Why inevitable? Ask any dog breeder…if you let your female-in-heat get loose even for a few hours, you risk unplanned pregnancy and non-pure-bred pups. And this works both ways with wolves and dogs.
Not everyone is happy with wolf reintroduction – especially ranchers. See these two stories from the US state of Idaho: Imported Timber-Wolves Kill 143 Sheep in Single Day in Idaho and Wolf fight erupts in Idaho over new law allowing unlimited hunting, trapping.
The Guardian gave us Germany’s predation numbers for 2017: “Wolf attacks on livestock increased drastically in 2017, according to government statistics released at the weekend: they carried out 472 attacks, an increase of 66% over the previous year. The number of killed, injured or missing livestock – mostly sheep and goats – rose 55%, to 1,667.”
Each wolf assault results in about three deaths or injuries of domestic animals – mostly sheep. By 2019, dead and injured domestic animals had almost doubled since 2017.
[Aside — I have had to deal with a Canis attack on a herd of sheep – Canis familiaris – lovely pet dogs from down the street. Killed three lambs and injured six ewes badly enough to require a veterinarian. I caught the dogs, each of them smiling and happy at the fun of it all, with snouts dripping blood. All Canis species and sub-species are natural predators.]
The Europeans have set themselves quite a problem – how to reintroduce wolves into a larger environment that includes domestic dogs, many of them allowed to free-range? Germany alone is home to over 10 million pet dogs.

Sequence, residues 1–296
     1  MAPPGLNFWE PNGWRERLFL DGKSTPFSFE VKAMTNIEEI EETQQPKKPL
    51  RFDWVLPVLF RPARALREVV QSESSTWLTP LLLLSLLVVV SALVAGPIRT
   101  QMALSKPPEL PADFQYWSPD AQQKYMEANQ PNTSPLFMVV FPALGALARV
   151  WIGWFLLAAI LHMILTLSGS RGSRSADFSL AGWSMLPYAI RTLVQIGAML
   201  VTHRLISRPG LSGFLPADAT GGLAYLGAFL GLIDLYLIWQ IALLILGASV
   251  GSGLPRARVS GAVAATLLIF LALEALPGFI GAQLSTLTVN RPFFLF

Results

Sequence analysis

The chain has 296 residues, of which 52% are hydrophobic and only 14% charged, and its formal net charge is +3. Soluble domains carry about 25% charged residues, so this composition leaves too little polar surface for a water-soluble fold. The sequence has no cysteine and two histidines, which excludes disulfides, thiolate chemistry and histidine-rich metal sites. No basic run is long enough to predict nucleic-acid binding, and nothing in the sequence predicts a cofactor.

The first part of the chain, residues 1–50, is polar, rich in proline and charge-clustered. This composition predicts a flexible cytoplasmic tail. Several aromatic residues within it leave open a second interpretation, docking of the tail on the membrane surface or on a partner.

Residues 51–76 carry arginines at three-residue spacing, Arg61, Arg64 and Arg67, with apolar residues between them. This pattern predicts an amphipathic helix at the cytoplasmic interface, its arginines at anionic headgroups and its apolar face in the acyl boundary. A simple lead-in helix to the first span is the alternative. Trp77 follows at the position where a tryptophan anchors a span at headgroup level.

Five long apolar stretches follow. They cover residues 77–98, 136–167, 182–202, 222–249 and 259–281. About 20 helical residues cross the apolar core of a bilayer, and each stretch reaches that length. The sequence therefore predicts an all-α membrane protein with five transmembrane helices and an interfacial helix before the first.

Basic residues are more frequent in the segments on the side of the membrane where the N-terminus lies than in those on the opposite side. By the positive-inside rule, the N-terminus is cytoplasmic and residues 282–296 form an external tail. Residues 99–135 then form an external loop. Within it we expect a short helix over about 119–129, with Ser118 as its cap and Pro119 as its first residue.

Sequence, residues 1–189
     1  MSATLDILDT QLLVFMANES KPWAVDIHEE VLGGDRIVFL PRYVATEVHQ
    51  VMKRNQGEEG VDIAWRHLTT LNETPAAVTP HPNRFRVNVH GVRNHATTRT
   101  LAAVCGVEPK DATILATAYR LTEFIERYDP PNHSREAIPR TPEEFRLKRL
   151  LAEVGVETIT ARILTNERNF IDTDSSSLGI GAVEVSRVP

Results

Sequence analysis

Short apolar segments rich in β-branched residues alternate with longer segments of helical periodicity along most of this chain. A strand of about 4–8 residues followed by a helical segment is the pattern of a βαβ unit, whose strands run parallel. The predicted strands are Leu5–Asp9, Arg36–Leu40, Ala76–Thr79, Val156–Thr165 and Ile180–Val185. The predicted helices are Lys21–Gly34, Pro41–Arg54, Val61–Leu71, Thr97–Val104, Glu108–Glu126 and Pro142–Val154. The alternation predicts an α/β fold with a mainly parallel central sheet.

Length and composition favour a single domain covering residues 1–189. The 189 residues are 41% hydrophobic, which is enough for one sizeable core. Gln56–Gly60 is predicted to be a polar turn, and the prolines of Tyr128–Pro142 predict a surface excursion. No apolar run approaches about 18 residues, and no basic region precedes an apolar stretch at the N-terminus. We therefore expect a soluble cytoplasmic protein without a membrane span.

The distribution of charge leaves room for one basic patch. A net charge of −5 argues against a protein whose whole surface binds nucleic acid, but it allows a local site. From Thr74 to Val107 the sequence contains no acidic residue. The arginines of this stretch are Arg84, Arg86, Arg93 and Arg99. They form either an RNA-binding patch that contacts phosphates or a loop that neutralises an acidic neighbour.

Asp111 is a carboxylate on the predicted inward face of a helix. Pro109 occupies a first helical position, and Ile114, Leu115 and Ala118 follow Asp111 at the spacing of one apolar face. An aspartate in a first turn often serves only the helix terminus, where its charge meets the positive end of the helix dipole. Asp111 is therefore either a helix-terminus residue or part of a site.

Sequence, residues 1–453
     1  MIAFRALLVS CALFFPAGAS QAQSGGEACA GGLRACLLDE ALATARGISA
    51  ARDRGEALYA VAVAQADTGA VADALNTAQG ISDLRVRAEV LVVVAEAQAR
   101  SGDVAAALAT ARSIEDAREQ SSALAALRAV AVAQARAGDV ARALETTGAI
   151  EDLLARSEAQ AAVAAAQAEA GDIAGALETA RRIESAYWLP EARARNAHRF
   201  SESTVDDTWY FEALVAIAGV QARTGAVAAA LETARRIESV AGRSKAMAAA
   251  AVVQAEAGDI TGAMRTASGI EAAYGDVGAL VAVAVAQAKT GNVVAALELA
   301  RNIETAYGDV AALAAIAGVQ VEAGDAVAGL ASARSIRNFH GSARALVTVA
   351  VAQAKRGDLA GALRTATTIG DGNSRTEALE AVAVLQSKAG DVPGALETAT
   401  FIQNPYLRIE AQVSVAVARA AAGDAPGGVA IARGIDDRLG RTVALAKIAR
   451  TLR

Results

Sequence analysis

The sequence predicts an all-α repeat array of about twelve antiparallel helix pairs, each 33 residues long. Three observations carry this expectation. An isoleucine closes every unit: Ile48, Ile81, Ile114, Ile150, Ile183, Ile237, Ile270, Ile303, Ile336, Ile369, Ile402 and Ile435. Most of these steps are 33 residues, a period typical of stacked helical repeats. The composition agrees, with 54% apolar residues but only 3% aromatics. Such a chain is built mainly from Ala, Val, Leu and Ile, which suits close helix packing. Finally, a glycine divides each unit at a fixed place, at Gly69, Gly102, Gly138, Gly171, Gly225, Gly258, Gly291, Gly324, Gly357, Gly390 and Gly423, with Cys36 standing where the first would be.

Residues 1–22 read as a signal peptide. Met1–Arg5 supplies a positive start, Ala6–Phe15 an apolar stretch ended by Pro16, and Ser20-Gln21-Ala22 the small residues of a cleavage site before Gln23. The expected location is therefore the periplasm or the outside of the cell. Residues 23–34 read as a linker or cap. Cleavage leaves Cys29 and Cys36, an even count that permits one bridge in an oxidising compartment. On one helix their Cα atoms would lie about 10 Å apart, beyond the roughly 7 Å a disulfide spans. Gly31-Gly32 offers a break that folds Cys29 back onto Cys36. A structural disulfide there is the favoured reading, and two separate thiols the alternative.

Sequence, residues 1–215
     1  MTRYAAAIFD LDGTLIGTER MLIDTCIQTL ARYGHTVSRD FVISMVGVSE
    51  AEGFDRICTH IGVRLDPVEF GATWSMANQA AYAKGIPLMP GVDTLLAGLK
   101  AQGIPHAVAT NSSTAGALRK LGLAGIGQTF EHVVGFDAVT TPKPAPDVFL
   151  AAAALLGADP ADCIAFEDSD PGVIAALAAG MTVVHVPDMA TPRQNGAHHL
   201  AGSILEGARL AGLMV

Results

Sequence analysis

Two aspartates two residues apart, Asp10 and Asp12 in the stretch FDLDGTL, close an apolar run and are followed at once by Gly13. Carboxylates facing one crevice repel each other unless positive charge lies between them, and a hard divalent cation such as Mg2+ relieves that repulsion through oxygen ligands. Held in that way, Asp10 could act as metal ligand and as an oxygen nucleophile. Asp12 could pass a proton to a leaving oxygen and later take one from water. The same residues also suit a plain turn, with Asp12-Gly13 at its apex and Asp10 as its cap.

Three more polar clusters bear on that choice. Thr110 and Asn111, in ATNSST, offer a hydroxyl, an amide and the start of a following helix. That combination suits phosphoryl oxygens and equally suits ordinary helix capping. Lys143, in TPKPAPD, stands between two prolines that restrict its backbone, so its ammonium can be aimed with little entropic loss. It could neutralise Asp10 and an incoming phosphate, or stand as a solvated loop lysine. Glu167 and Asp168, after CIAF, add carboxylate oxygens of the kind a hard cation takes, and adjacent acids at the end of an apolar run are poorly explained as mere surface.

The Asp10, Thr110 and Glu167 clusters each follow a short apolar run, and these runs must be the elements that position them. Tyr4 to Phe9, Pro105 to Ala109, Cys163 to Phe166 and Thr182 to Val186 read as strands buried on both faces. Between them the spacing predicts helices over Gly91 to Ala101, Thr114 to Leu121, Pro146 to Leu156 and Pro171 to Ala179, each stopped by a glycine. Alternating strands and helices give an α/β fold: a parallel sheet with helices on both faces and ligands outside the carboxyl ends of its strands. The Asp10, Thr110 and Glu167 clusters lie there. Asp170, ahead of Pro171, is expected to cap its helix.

The cross-breeding problem will not and cannot be solved with guns.
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These endangered species laws and regulations are often ill-thought-out and poorly, illogically, instituted and enforced.
As a species, humans are good are domesticating, breeding and raising animals. We are not good at all in our attempts to control Nature and force wild animals back into an environment from which they have been extirpated. [“Biologists use extirpated to describe species that no longer exist in a specific region.”] That’s what re-introduction efforts are – the reverse of extirpation.
The extirpation of large predators was intentional on the part of human society. Not always carried out with careful fore-thought. Early homesteaders could not easily bear the cost of losing livestock to wolves (or bears or cougars). These farmers and ranchers, isolated from other people, feared for their children as well.
I am not yet well-enough informed to make a judgement on the reintroduction of predators large enough to hunt and kill larger domestic animals (cattle, goats, sheep). Such events are common in the present, even though populations of large predators are low. Occasionally, a human is attacked and injured/killed by large predators: mountain lions (Puma concolor) in California; wolves rarely kill or injure humans, though it is not unheard of. As settlements in America moved west from the east coast, wolves were systematically exterminated. Black bears also can and do kill humans (estimated at 25 fatal attacks in the last 20 years). And, of course, then there are the grizzly bears and polar bears (and here).
Unresolved. An interesting problem.
Thanks for reading.